There was quite a good article in the Times on June 6th [subscribers only apparently for the website] about journeys from the French coast to all points south, with suggested stops en route to ease the pain of the long haul down the autoroutes. There were four routes shown – Provence, Dordogne, Languedoc and Aquitaine – taking you to the most popular tourist destinations for those seeking the sun. Just for the record it’s about 40ºC at the moment.
They’re all really based on getting to the north coast of France early in the morning and then having one or two stops on the way south. The two longest, Calais to Cannes [1,200km] and Calais to Avignon [1,050km] might require a couple of stops depending on your stamina. Friends who do regular routes recommend longish days of about 600km or roughly 5-6 hours, combined with a good rest at a hotel. When we went down to Sicily from Livorno, we did just that, but with stops of 2-3 days. Still, the south beckons so you could probably do it in two stints with a nice overnight stop on the way. In the past, we’ve stopped in Dijon [lovely] and Beaune [didn’t do much for us], or taken the motorail – sadly discontinued for the moment. Railsavers, the UK booking agency for most of the motorail operators are wrestling with the fall out from the demise of the Autoslaap train in Holland, but are hoping the French might be able to restore services in the near future to Narbonne and Avignon. Watch Seat61.com for developments.
The journey is part of the holiday…However, don’t expect Motorail to be a budget option.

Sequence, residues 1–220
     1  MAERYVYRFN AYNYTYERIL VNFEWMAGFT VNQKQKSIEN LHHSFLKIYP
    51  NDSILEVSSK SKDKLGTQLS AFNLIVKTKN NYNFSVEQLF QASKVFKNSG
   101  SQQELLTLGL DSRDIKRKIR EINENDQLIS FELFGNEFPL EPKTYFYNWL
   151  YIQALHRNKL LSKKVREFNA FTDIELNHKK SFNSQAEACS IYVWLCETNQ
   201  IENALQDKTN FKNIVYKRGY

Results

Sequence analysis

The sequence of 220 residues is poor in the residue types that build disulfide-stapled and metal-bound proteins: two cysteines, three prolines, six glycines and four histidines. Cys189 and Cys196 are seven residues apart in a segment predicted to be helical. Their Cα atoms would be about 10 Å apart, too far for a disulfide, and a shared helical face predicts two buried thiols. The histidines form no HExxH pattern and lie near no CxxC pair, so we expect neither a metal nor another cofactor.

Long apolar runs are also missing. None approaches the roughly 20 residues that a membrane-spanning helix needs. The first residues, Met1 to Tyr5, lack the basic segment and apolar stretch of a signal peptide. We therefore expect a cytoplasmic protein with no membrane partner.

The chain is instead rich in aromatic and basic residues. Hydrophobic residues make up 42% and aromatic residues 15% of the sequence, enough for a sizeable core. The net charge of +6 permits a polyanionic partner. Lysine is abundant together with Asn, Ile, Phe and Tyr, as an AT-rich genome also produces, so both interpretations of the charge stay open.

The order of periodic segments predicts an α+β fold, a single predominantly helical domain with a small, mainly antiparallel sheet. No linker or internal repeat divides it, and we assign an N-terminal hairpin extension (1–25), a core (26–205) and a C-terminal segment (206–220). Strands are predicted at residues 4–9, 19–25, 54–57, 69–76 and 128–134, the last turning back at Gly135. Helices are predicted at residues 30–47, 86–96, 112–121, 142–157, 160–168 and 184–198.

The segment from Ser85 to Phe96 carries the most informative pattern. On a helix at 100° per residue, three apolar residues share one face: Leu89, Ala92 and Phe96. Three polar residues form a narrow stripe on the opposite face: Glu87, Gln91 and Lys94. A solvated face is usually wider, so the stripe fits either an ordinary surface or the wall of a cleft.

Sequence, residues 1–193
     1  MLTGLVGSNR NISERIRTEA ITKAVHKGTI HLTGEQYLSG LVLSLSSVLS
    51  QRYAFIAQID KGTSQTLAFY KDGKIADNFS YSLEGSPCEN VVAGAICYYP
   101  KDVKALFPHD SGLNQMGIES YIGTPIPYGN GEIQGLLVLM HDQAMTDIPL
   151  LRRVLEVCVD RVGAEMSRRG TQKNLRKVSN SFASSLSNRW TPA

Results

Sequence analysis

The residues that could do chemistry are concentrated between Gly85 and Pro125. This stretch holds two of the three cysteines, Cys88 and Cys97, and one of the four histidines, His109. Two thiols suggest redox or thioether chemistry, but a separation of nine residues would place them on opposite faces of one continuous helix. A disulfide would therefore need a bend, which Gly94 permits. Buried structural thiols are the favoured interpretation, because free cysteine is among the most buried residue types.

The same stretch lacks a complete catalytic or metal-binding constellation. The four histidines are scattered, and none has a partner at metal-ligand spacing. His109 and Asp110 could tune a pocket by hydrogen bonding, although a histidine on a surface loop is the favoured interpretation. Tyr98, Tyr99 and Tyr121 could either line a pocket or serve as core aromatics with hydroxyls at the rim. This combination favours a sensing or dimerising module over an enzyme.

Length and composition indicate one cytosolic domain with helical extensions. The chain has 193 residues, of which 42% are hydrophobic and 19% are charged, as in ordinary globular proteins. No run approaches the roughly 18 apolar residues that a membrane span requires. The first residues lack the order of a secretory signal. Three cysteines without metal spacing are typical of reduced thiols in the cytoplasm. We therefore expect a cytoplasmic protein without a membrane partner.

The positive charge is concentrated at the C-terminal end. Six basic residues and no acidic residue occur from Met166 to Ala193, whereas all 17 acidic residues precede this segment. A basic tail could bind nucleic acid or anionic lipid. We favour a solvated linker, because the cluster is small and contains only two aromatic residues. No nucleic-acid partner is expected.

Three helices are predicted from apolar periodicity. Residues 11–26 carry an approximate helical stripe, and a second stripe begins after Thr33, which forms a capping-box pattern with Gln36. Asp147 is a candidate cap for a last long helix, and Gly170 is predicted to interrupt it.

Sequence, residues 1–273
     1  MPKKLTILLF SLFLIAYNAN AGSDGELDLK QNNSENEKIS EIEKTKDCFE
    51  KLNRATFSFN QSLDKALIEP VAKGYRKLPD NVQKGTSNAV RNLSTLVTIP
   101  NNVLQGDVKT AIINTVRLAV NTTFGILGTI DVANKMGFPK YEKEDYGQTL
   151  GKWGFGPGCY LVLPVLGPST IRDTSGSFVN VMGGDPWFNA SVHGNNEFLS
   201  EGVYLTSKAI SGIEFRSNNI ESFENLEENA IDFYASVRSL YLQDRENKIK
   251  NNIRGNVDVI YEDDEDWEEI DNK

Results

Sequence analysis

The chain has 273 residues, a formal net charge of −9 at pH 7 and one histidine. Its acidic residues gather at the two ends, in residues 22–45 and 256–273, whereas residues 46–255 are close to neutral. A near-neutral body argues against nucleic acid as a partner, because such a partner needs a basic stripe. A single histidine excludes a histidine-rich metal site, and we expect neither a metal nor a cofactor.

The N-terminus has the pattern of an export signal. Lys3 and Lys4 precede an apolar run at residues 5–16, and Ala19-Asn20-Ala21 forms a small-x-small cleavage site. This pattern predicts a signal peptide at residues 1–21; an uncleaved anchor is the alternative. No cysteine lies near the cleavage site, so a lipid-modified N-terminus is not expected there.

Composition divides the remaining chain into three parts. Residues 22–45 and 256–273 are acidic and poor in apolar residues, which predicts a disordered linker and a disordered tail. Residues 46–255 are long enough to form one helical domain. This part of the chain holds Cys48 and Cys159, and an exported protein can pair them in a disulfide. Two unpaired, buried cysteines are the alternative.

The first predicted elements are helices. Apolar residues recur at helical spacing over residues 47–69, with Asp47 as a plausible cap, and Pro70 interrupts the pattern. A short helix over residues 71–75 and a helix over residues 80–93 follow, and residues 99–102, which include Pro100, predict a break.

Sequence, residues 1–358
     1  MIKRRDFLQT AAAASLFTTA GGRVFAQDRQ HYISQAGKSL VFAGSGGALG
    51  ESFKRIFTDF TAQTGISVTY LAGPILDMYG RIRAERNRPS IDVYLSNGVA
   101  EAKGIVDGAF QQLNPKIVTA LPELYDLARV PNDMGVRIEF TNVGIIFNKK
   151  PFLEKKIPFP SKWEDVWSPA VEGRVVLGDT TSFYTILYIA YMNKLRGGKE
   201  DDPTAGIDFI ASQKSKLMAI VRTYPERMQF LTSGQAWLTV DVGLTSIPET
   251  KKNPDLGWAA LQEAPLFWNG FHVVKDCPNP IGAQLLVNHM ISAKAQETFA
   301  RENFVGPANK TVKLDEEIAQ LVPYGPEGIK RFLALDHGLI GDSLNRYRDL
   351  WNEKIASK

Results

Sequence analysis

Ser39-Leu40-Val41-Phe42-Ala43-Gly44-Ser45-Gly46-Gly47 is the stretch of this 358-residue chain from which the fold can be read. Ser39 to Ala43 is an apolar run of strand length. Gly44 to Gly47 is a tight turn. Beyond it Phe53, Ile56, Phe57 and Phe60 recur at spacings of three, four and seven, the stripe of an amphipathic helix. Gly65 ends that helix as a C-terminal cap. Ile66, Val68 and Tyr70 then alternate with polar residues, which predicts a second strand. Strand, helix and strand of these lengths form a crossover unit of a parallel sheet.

On our first long distance trip with children we planned a long leg on the way back from Aix-en-Provence to Sens, via the autoroute, and stopped overnight at the Hotel de Paris et de la Poste. It was a bit frilly in the bedroom department, very French as it were, but the meal in the evening was the highlight of the trip and, for many, many years became one of our most memorable. We’re talking 1989 here and, with the children safely installed upstairs, we tried the Prix Fixe du Jour – two courses. Fish soup as only the French can make – even miles from the sea. Rack of lamb cooked to a deep pink, just the right side of “bleu”. The two course menu included, of course, cheese and dessert. Unlike the English, the French tend to take their cheese first – logical when you think about it. For a relatively humble restaurant the cheese course was rightly celebrated. Alongside our little table à deux two folding tables were set up. Upon each was set a huge tray, carried by waiters with arms stretched wide, one with soft cheeses and the other with hard. Maybe 60 or 70 cheeses? For dessert crème caramel. A simple classic French menu. If we went back after more than twenty five years, then it might not live up to the memories, but you never know…